Be prepared to restart your Mac when you install Kodak's AiO Printer Software (version 1_2Rel3). You'll need to make sure your printer is connected during the install as well.
Up and Running
Once the 5500 is ready to go it is really ready to go. Don't expect the 5500 to match the speed of even the slowest laser printer, but as inkjet printers go, Kodak has produced a hustler: 4 x 6-inch color images print in 30 seconds, full page black and white text prints in ten seconds, and black and white copies in about 25 seconds. No printer speed records, but not too shabby either.
Note that photo print times depend on the resolution and size of your photo. A 300 dpi (dot per inch) 8 x 10-inch 16-bit photo printing from Photoshop CS3 took a full 14 minutes to complete. By way of comparison, a color laser printer at your local office supply store may take about one to five minutes to complete the same job. However, it makes little sense to print an 8 x 10-inch at the highest possible resolution all the time. Unless you are printing a photo to frame, choose 100 dpi or 72 dpi and your prints will zip right out, and you'll save on ink as well.
The print quality is top notch, too. Colors are deep and rich, photos retain most of their original detail, and text printing is crisp with no visible print artifacts. Of course, you'd expect that a new printer will kick out nice prints right out of the box and only time will tell if the 5500 will hold up under extended use, but after a few hundred or so photos, copies, and prints from my Mac everything looks the way it did when I powered on the printer for the first time.
One of the reasons photographers use inkjet printers is to create proofs and contact sheets. Prints from the 5500 are more than adequate for such things and, if you use high quality photo paper, you wouldn't have a problem using color prints from the 5500 in your portfolio or as a finished product. Kodak claims that photos printed with their new inks will last at least 100 years. I haven't tested this claim, of course. Call me in 99 years.
If you do intend to print high quality photos make sure you calibrate your printer first, else you'll wind up with printing artifacts such as striping and subtle shading differences. The calibration does help.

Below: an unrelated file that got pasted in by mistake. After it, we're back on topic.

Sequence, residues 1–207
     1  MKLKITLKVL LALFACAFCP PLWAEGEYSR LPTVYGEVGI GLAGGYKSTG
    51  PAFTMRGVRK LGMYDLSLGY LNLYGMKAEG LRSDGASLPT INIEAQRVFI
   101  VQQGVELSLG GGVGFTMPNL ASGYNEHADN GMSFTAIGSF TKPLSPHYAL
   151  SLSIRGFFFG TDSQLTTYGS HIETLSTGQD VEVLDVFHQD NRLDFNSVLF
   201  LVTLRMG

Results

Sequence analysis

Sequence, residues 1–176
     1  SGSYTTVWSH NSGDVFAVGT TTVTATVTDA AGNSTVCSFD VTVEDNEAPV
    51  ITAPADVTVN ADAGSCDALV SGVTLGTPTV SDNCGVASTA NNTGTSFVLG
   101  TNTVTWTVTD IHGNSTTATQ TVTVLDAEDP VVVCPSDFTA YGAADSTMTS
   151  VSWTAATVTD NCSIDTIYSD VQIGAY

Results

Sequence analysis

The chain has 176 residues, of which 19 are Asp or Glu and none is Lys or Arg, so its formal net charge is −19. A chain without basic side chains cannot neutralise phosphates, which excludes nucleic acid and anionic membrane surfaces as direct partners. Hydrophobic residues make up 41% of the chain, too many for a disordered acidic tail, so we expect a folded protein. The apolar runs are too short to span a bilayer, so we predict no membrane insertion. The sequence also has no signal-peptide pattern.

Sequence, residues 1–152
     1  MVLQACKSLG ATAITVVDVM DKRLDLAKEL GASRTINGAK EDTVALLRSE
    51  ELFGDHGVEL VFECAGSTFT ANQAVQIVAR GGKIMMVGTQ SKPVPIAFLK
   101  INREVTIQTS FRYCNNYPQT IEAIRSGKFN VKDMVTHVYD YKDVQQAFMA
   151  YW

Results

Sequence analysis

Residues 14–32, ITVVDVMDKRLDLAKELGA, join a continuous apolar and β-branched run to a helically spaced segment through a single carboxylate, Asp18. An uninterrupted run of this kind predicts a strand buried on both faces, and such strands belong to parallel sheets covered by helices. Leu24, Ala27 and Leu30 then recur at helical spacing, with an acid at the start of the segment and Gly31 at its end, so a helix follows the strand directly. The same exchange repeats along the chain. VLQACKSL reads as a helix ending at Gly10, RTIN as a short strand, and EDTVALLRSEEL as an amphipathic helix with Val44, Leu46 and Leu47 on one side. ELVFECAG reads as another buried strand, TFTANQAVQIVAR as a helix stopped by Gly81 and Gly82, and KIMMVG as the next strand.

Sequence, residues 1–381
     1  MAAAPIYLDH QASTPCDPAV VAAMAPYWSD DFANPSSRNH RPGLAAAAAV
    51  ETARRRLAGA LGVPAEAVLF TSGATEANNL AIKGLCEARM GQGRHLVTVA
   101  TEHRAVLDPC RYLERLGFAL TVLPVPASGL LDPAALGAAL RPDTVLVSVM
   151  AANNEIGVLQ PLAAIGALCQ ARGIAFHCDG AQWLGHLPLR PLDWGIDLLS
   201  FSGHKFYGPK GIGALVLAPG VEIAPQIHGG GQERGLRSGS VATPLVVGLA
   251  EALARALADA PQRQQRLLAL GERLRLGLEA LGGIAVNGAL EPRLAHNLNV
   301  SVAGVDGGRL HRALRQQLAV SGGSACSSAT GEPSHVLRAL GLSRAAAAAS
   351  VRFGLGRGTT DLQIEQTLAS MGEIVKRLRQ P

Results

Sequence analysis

Copying documents and photos is pretty easy too; put your page on the flatbed and hit 'Copy,' select how many copies you want and hit the 'Start' button. Documents copy quickly, but photos take a little extra handling. You can copy multiple documents as well by putting a stack in the document feeder. As you would expect, the 5500 kicks out the requested number of copies without fuss.
... And Scanning
While printing and copying are a straight forward processes, scanning requires you to put on your Mac beanie.
Kodak provides Windows users with an application that lets them manage scans and faxes. That may sound like the ideal solution, but in reality it becomes yet one more application you have to understand in an environment already overflowing with one-trick-pony apps.
Image Capture is use for scanning
In Mac OS X Kodak wisely chose to use existing applications to interface with the All-in-One device. Just as printing can be done from any application that produces printable output, scanned images can be imported from the AiO to applications that support image input -- at least, in theory. Photoshop will import scans from the 5500, but iPhoto won't. Microsoft Office will grab scans, but Text Edit won't. Basically, if the application understands TWAIN (a standard that governs how software talks to printers, cameras, and other imaging device) then you are good to go with scanning, otherwise you'll have to resort to the Services menu where you'll find the Import Image menu option. From there you'll fire up Image Capture which, in turn, will allow you access to the scanner from within the application, sort of.
In fact, Image Capture is the best way to access the scanning function of the 5500. When you hit the scan button in Image Capture a Kodak dialog window comes up and gives you options for scan resolution, converting to black and white, or scan preview. Hitting the scan button in the Kodak window actually starts the scan. A nice thing about the Image Capture interface is that it lets you set where you want the scan to go and what to do with it once the scan is done. I have mine set to bring up the Preview app, that way I can see the results of my scan immediately and save it however I wish.
The downside is that the Kodak software forces you to save the scan in either TIFF, JPEG, or PNG formats which, if you use my setup, can result in two files. You can save the file in Preview to whatever format you want, but it leaves the original scan file intact. That may be good or bad depending on what's important to you. Kodak should at least offer a configuration choice that will let you remove the original.
Another unfortunate issue is that after scanning one page I couldn't get the scanner to work again. I would get a communication error that refused to clear without shutting down and restarting the printer.